Restore Chemical Damage Dull Granite Countertops

by Steven
(Salem, VA)

QUESTION:

We moved into a new home with medium brown/tan granite countertops.

My wife said that they were so hard it is nearly impossible to damage them. Thus, I used regular home cleaners for the granite counter top maintenance and now a few years later, the countertops are extremely dull.

I began researching how to restore the beautiful shine. Of course the local granite store advised me not to attempt to buff or clean the countertops on my own - said to hire one of their professionals to do the job or I'd end up damaging the granite and it would cost much more to 'fix'. LOL!

Several sites advised to use a granite cleaner then get an electric buffer/polisher for polishing granite, then re-seal. We only put sealer on the countertops once! :(

My wife and I are both very capable DIY people and want to fix our erroneous cleaning / and neglect.

Please advise specifically how I can do this. Does the buffer/polisher have to achieve specific RPMs or will a regular car buffer do?

Some sites advise using 000 Steel Wool to polish, but that sounds pretty risky to me. Thank you! Steven

ANSWER:

The local granite store is right... You don't stand a chance of re-polishing the granite yourself.

Your wife is right too that granite is very hard and difficult to damage, however, it's not impossible. And "hardness" relates more to scratches, etc., but has no bearing on how it reacts to constant chemical abuse.

In general, acids and typical household cleaners will not etch granite (eat away the finish making it dull) upon contact like they do with marble, but granite can still be etched upon contact with strong acids and/or repeated use of acidic products and harsh cleaners.

And FYI... most common generic and brand-name cleaners are too harsh for any use on marble and too harsh for regular granite countertop maintenance.

For the above reasons you should only use products safe for cleaning granite countertops.

So, it isn't simply a matter of "cleaning" or "buffing". You've physically damage the granite using the wrong type of cleaning products, which have corroded and destroy the surface layer of the granite.

There's nothing to clean or buff. The finish must be restored.

LOL if you like, but hiring a stone restoration professional is the correct advice.

Not only should you, but in reality hiring a stone restoration professional to re-polish your damaged granite countertops is your only viable option.

The stone store guys were wrong to imply that you - or even the very best handyman - could do it, which maybe gave you the impression that they were trying to "sell" you.

And just because they fabricate stone doesn't mean that they are skilled/experienced enough to re-finish and polish it. They may think this qualifies them, but no.

Still, you can't do it yourself.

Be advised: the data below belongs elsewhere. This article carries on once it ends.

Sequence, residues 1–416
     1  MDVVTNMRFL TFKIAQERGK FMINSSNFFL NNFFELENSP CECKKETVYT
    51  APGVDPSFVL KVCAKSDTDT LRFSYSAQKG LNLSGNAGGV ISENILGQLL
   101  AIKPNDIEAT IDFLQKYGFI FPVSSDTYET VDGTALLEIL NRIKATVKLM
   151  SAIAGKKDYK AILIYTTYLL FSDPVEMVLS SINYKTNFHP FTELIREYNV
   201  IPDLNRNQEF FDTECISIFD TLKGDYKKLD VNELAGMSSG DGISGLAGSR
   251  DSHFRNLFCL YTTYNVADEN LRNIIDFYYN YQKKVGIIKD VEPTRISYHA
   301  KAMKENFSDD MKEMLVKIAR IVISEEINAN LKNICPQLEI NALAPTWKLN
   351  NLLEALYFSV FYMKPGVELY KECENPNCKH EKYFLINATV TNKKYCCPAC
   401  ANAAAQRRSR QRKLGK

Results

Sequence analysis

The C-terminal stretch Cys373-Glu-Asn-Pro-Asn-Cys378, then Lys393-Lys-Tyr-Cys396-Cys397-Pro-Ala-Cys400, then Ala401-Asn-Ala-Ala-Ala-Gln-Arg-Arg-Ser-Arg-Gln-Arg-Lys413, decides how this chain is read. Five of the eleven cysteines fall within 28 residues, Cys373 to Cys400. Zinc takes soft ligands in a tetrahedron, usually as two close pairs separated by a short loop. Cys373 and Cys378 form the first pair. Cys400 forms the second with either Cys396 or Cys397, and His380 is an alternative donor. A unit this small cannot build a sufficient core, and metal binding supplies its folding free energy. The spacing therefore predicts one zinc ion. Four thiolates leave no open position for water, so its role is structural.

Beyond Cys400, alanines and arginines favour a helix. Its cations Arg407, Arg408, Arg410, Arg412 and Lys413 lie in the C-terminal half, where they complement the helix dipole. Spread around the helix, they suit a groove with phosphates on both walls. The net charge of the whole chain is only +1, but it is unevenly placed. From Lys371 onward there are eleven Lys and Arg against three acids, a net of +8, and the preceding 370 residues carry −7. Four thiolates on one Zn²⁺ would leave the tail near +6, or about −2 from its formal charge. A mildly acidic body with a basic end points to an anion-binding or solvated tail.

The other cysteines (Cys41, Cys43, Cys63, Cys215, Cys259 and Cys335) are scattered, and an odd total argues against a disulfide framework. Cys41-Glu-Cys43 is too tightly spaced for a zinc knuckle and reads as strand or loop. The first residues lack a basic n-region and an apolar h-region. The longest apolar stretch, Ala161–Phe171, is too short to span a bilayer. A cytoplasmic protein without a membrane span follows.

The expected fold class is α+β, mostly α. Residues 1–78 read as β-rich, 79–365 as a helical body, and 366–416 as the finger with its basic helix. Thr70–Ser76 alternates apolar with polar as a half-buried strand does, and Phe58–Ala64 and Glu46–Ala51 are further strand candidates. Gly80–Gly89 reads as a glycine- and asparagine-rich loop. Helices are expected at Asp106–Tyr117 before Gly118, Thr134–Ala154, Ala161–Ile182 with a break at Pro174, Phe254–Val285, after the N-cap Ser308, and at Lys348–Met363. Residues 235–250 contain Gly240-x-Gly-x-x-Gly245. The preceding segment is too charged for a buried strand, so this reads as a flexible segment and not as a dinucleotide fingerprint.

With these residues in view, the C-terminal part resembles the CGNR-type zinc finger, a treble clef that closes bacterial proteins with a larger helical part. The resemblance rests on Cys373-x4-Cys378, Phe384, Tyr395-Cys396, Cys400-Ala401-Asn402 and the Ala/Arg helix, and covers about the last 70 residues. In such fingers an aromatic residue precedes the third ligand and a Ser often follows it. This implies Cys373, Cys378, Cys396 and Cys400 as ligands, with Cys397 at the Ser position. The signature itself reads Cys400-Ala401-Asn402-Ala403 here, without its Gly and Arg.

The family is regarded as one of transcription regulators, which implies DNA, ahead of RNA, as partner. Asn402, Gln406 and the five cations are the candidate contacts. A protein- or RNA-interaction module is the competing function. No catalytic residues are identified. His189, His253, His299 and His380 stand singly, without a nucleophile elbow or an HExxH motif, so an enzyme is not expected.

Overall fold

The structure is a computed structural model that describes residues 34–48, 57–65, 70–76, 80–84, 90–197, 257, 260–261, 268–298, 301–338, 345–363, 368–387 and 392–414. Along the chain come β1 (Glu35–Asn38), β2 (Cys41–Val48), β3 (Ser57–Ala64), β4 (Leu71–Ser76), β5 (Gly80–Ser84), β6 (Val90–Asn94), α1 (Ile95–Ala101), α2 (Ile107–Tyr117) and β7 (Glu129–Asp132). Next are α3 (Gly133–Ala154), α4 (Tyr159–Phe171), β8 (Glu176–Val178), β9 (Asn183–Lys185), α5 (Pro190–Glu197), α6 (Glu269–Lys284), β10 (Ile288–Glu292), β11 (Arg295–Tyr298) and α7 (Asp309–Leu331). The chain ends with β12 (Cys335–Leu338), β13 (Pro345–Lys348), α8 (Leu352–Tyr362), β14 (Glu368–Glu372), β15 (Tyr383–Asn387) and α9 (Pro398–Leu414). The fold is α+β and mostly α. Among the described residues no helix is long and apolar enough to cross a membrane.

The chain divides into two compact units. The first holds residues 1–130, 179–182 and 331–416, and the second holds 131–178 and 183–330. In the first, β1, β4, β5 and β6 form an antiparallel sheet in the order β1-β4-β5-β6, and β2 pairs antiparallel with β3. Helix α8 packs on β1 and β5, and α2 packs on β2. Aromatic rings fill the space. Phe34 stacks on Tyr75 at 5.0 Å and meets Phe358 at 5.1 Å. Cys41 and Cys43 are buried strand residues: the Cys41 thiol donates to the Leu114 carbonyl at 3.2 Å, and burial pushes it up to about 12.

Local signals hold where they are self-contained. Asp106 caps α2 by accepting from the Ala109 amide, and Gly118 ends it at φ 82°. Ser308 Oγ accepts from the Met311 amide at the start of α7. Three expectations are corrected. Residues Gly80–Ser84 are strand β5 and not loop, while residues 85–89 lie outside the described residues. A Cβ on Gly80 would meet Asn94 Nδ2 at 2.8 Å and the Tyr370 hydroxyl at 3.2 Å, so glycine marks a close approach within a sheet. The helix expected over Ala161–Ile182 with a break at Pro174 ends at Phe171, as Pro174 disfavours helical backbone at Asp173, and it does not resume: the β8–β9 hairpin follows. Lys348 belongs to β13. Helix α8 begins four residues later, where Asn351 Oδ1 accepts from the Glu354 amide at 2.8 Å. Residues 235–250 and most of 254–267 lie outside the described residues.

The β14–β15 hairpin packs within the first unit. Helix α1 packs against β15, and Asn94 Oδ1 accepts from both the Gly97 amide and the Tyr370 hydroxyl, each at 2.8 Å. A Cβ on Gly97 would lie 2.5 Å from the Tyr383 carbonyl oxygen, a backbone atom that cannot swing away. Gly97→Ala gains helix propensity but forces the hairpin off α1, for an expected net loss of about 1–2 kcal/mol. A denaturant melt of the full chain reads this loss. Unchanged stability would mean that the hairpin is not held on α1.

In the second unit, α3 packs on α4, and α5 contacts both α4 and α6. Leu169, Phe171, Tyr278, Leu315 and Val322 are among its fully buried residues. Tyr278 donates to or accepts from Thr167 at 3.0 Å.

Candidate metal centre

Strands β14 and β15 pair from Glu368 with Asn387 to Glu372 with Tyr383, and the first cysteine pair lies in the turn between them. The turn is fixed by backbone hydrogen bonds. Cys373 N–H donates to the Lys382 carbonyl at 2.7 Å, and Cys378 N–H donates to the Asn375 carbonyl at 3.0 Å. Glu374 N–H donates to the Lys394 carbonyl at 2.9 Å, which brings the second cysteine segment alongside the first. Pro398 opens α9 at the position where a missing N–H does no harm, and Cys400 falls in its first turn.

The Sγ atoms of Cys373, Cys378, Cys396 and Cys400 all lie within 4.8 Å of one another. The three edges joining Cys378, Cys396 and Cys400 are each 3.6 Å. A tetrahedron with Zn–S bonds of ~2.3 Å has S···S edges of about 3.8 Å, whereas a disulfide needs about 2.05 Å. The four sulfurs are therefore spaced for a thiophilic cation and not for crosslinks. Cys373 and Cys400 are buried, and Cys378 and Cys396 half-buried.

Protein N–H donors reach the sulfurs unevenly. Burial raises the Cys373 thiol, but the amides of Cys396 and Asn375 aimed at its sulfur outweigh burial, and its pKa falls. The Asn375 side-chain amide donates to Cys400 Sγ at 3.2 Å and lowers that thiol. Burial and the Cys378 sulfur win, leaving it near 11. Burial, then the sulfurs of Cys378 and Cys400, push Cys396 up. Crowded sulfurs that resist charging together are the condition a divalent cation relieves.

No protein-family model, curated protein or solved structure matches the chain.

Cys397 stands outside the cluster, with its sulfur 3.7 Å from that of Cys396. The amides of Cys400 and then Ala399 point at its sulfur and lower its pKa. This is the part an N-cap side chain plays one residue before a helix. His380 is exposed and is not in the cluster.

And certainly not by using a "granite cleaner then get an electric buffer/polisher to polish the granite".

That will make the current dull surface finish look as good as it can, but it will still be damaged and dull and it won't even begin to restore the original shiny polish.

Steel wool can be helpful for some granite counter top maintenance situations (like hard water build-up) to remove gunk stuck on the surface and it can in some instances buff out light scratches. But it won't work at all to re-finish the surface.

Since granite is so hard it takes specialized diamond abrasives and tools to re-polish the surface.

Now you could acquire all the necessary tools and materials, but that is only 10% of the battle.

The rest requires the knowledge, skill and (most importantly) the experience working with stone to actually produce an even, level, mirror-like, shiny finish by hand.

Normally the shiny finish is created on large, precise machines. Doing it well by hand over a large area takes a true craftsman dedicated to stone... The world's best "handyman" will fail.

Lacking the proper skill acquired over years of experience you'd be more likely to get struck by lightning and win the lottery on the same day than successfully re-polish your granite countertop.

Unfortunately, there are plenty of people who do this for a living that aren't that hot at it and it's very easy to screw it up.

And your local fabricator / installer is usually not qualified since installation and stone restoration are two completely different professions here in the US. (Not necessarily so in Europe, which has a centuries-old stone culture.)

Re-finishing granite countertops or any stone is simply not a DIY project.

So, it is highly likely that you would make a mess of it and "end up damaging the granite and it would cost much more to 'fix'. LOL!"

I'd suggest you completely forget the notion that you may be able to perform this feat of granite counter top maintenance to re-polish the damaged and dull tops yourself.

Anything you read online that says you simply need to apply a "polish" is BS.

Windex doesn't make the mirror reflective. Applying wax to your car does not make the paint shiny. It's already shiny. The wax protects and improves the shine. Putting wax or polish on a brick won't make it shiny.

The shine or "polish" on granite or any stone doesn't come from "applying" anything. It doesn't come from a bottle or any product. It is physically created by high friction with specialized abrasives and techniques, which vary with every type of stone!

Locate granite countertop maintenance and restoration professionals.... as many as you can and start interviewing them. Get references, etc. If your entire countertop is damaged and needs re-finishing, you definitely want the best craftsman and not the best price.

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